In our work with agencies throughout the US and Canada, we've noticed some constants.
- Agency owners have a wicked sense of humor.
- Agency owners both hire and fire too slowly.
- Agency owners have a love/hate relationship with clients.
For the most part, agency owners like and respect their clients, but they're often frustrated by the games they have to play to get information, and they're never quite sure where they stand.
In many ways, the relationship is like a dysfunctional romance. When a client works with more than one agency, there are hurt feelings, and when the agency pushes for answers or more projects, the client feels backed into a corner.
Agencies can usually ferret out what the client is up to, but the attitudes and beliefs that lead to those actions are often hidden from view.
That's why, in Summer 2014, audience segmentation research firm Audience Audit partnered with Agency Management Institute (a consultancy that helps marketing, PR, digital, and advertising agencies be more successful) to conduct an original study exploring the reasons organizations hire agencies, what they're looking for, and how agencies can position themselves for relevance with their target customers.
Three Segments of Marketing Decision-Makers
What we discovered is that there are three distinctly different segments of marketing decision-makers with marketing budgets of $1 million or less annually:
- "Looking for Love" (29% of respondents) segment value agencies as a critical partner for business success. For this group, agencies are a key participant in strategic planning efforts, a trusted source of new ideas and insights about marketing trends, and a tactical partner across a wide range of marketing services and expertise. These decision-makers feel it's important to develop a long-term relationship with an agency, and they expect that if their agency doesn't have an answer, they'll know where to find it.
- "Playing the Field" (38% of respondents) segment sees hiring a marketing or advertising agency as a necessary evil to gain specialized expertise. They prefer to work with subject matter experts and feel changing agencies periodically is important even if they're doing a good job.
- "Single and Satisfied" (33% of respondents) segment feels their organizations are fairly self-sufficient regarding marketing. They believe that they have clear marketing plans and know exactly what they want. When these CMOs do use agencies for strategy, they do so as a source of ideas that can be executed by the organization in-house.
Frustratingly, there are no demographic clues as to which prospect would fall into which segment. There's absolutely no difference when you look at company size, budget, maturity of the company, or experience level of the CMO.
A Closer Look at Each Segment
Until you understand the segments so you can ask some insightful questions, you're going in blind. And you definitely want to be able to tell them apart because what matters to them varies greatly.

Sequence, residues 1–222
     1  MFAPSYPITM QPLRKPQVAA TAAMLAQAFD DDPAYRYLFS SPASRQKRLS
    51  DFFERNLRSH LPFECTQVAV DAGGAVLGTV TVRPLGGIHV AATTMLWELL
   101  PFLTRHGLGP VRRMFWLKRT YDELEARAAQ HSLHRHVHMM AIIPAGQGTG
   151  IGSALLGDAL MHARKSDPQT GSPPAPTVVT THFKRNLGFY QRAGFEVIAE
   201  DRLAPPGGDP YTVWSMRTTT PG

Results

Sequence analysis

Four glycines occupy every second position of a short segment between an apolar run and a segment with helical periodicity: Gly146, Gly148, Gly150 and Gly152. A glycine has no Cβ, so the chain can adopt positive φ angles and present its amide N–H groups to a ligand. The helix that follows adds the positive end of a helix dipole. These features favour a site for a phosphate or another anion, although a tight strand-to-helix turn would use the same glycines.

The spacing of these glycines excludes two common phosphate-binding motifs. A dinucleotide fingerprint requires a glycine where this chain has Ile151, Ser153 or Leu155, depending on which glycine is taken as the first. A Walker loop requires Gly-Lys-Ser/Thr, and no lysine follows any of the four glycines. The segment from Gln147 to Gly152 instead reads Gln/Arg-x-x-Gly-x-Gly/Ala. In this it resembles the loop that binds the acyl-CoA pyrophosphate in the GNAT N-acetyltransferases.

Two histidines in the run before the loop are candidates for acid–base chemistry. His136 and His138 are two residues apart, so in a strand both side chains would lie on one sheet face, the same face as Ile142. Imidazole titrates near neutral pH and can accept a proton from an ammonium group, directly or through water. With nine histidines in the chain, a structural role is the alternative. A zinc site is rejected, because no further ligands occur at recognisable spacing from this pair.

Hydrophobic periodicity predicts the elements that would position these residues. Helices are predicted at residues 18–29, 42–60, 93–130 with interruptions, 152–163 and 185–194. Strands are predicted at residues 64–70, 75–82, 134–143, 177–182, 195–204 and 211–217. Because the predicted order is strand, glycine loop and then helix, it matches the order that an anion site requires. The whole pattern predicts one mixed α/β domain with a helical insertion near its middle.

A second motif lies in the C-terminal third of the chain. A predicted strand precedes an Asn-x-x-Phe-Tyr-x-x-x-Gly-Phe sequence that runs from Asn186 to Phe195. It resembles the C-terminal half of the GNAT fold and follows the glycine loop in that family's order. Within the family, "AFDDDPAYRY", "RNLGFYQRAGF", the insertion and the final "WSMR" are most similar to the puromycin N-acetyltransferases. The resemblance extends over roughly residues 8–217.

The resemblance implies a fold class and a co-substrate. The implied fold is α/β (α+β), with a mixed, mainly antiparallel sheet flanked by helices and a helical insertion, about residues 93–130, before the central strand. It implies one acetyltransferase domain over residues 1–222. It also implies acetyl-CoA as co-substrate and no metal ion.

The Looking for Love segment genuinely sees its agencies as partners. This segment counts on agencies' outside perspective and credits them with being the best source for marketing strategy. However, regardless of its company's revenue, this segment spent the least on marketing and deployed the fewest marketing tactics.
In terms of finding an agency, this segment relied heavily on its own online research. It will also ask its peers for referrals.
This segment's polar opposite is the Playing the Field segment. They see agencies as vendors and want to buy very specific tactical expertise for a defined outcome or goal. Interestingly, regardless of the company's revenue, this segment spends the most on agencies. These CMOs are willing to pay a premium for that depth of expertise that niche agencies offer.
When selecting an agency, Playing the Field CMOs care the least about an agency being in the same city as they are. They're also the most likely to engage an agency search firm.
The third segment, Single and Satisfied, is the epitome of indifference. These CMOs don't believe that they really need agencies at all. They are confident in their in-house capabilities, but despite that fact, they still spend more than the Looking for Love segment.
When Single and Satisfied CMOs shop for an agency, they rely heavily on their own research—online and through their connections and tradeshows. These decision-makers also are more likely than the other two segments to already be following your blog or social media channels.
What All Three Segments Have in Common
Although the segments were quite different on many points, a few universal truths exist.
All three segments were direct about not being interested in working with just one agency. A total of 81% of all the respondents indicated that they were working with two or more agencies and liked it that way.
The three segments were equally unanimous in saying that agencies were too pushy and needed to know when to back off. That was the No. 1 response they had when asked what agencies should stop doing.
Perhaps part of the pushiness comes from not understanding where clients are coming from and what they value in their agency partner. Each segment will be a good client for some agencies and not for others.
Being able to diagnose prospects with some artful questioning will help savvy agencies either tailor pitches to match their segment's hot buttons or bow out if they know they're not really a good fit.